The National Historic Landmark Harada House is a powerful civil rights landmark in California. This site and the story of the Harada Family embody local, state, national, and international issues of civil and individual rights, democracy, immigration, assimilation, and citizenship. Preservation of the site, collections, and stories ensures that these pivotal lessons of history will continue to be accessible for all peoples. Jukichi Harada, his wife Ken, and their first son Masa Atsu, settled in Riverside, California, in 1905. They soon were operating a rooming house and the Washington Restaurant. Following the death of his first American born son, Jukichi sought a home with healthier conditions for his family. Aware of the 1913 California Alien Land Law prohibiting aliens from owning property, in December 1915 he purchased the house at 3356 Lemon Street in the names of his three American-born children, Mine, Sumi, and Yoshizo. In 1918, Jukichi Harada prevailed in a landmark court battle to retain the home.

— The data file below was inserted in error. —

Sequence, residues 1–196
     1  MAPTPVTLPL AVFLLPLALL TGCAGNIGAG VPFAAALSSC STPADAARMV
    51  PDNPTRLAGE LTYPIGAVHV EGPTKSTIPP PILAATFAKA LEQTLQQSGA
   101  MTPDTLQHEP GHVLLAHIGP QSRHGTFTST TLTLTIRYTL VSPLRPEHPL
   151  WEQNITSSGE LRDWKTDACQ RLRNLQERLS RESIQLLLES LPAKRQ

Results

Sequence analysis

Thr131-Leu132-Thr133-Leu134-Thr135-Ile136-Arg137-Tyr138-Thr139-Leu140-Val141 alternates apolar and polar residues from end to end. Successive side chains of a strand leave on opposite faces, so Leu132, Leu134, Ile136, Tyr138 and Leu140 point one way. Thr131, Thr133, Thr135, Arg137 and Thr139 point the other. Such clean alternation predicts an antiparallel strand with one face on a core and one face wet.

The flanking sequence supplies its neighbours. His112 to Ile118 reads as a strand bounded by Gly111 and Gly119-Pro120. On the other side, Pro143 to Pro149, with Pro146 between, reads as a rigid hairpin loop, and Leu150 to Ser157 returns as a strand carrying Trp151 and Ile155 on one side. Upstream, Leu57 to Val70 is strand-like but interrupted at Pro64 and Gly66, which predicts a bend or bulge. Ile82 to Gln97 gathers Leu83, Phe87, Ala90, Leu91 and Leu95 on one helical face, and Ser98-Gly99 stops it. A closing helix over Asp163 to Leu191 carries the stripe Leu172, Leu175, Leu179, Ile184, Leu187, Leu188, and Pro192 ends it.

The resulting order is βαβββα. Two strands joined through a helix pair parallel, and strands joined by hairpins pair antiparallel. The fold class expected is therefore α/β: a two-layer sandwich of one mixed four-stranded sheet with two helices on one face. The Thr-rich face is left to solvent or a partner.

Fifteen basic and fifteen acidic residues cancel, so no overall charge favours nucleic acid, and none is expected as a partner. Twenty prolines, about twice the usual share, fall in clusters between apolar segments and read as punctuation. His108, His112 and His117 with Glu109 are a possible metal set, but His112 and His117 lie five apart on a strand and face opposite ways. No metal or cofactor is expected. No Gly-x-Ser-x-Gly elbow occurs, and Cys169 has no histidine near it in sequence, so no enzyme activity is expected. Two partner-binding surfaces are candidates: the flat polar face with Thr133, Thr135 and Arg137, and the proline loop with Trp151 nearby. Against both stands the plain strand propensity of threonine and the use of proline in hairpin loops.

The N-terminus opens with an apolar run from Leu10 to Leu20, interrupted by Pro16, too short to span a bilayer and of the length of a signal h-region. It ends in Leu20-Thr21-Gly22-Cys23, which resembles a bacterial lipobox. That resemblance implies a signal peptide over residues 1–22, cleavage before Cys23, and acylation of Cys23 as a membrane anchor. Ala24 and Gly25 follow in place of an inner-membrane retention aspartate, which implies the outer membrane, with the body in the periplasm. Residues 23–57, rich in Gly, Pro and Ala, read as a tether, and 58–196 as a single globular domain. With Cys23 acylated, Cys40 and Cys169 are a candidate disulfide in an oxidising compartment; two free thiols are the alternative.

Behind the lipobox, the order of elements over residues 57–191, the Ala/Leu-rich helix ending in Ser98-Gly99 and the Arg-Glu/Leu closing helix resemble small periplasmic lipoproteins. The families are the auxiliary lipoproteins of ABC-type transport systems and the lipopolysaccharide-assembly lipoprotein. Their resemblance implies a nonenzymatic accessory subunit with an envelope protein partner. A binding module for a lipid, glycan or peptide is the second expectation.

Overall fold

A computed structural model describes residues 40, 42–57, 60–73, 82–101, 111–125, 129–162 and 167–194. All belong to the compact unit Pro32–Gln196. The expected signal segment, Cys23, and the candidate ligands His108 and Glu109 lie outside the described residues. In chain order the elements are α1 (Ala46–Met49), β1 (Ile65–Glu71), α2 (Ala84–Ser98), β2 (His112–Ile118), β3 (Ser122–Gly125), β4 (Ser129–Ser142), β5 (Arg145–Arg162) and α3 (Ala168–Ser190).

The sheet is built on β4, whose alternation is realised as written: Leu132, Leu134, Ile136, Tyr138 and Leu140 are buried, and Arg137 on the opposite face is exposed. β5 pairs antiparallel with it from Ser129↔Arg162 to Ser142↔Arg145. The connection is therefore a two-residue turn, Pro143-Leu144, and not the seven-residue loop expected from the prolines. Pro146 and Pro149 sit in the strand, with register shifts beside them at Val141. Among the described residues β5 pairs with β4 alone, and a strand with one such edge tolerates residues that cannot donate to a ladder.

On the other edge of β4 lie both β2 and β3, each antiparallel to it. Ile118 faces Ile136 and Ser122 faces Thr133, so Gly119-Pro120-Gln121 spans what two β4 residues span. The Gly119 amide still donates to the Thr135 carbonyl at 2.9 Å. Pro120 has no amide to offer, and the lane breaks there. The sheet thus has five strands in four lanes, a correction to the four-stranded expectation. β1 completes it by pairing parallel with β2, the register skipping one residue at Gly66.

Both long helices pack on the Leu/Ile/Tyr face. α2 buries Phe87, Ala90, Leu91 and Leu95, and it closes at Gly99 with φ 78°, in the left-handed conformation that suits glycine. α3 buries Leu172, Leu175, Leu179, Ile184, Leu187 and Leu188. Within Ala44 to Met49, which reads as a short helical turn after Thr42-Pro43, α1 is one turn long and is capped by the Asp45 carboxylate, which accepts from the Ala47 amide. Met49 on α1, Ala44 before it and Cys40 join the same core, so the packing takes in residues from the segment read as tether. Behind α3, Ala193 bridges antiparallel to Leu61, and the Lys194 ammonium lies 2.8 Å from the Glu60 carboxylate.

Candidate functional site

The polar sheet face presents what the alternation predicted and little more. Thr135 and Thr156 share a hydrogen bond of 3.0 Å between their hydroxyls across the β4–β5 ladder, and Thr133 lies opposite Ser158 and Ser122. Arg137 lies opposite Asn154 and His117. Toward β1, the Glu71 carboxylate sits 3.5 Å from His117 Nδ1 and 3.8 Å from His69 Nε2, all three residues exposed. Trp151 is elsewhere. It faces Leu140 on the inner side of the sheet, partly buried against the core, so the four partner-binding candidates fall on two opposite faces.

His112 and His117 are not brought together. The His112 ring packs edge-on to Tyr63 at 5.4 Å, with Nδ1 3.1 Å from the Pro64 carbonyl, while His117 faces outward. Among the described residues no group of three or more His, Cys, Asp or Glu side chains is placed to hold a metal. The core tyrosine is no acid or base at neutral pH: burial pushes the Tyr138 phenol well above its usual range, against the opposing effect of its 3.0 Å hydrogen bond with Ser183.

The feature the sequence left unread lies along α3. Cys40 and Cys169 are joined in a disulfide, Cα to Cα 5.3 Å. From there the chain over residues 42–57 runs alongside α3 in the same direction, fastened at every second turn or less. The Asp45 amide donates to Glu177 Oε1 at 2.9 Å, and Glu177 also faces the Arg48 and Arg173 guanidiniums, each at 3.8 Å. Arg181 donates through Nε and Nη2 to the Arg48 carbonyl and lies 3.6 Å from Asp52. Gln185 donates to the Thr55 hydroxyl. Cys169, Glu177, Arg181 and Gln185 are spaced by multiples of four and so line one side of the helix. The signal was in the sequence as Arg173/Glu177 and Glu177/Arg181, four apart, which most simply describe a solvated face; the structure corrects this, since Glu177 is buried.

|Click the thumbnail images below to enlarge.|
|Jukichi, Ken, and Masa Atsu Harada, circa 1905|
|Jukichi, Masa Atsu, Mine, and the staff and patrons of the Washington Restaurant on University Avenue|
|Menu for the Washington Restaurant|
|Jukichi puts the title of the family house in his American-born children's names|
|(Museum of Riverside, Harada Family Archives)|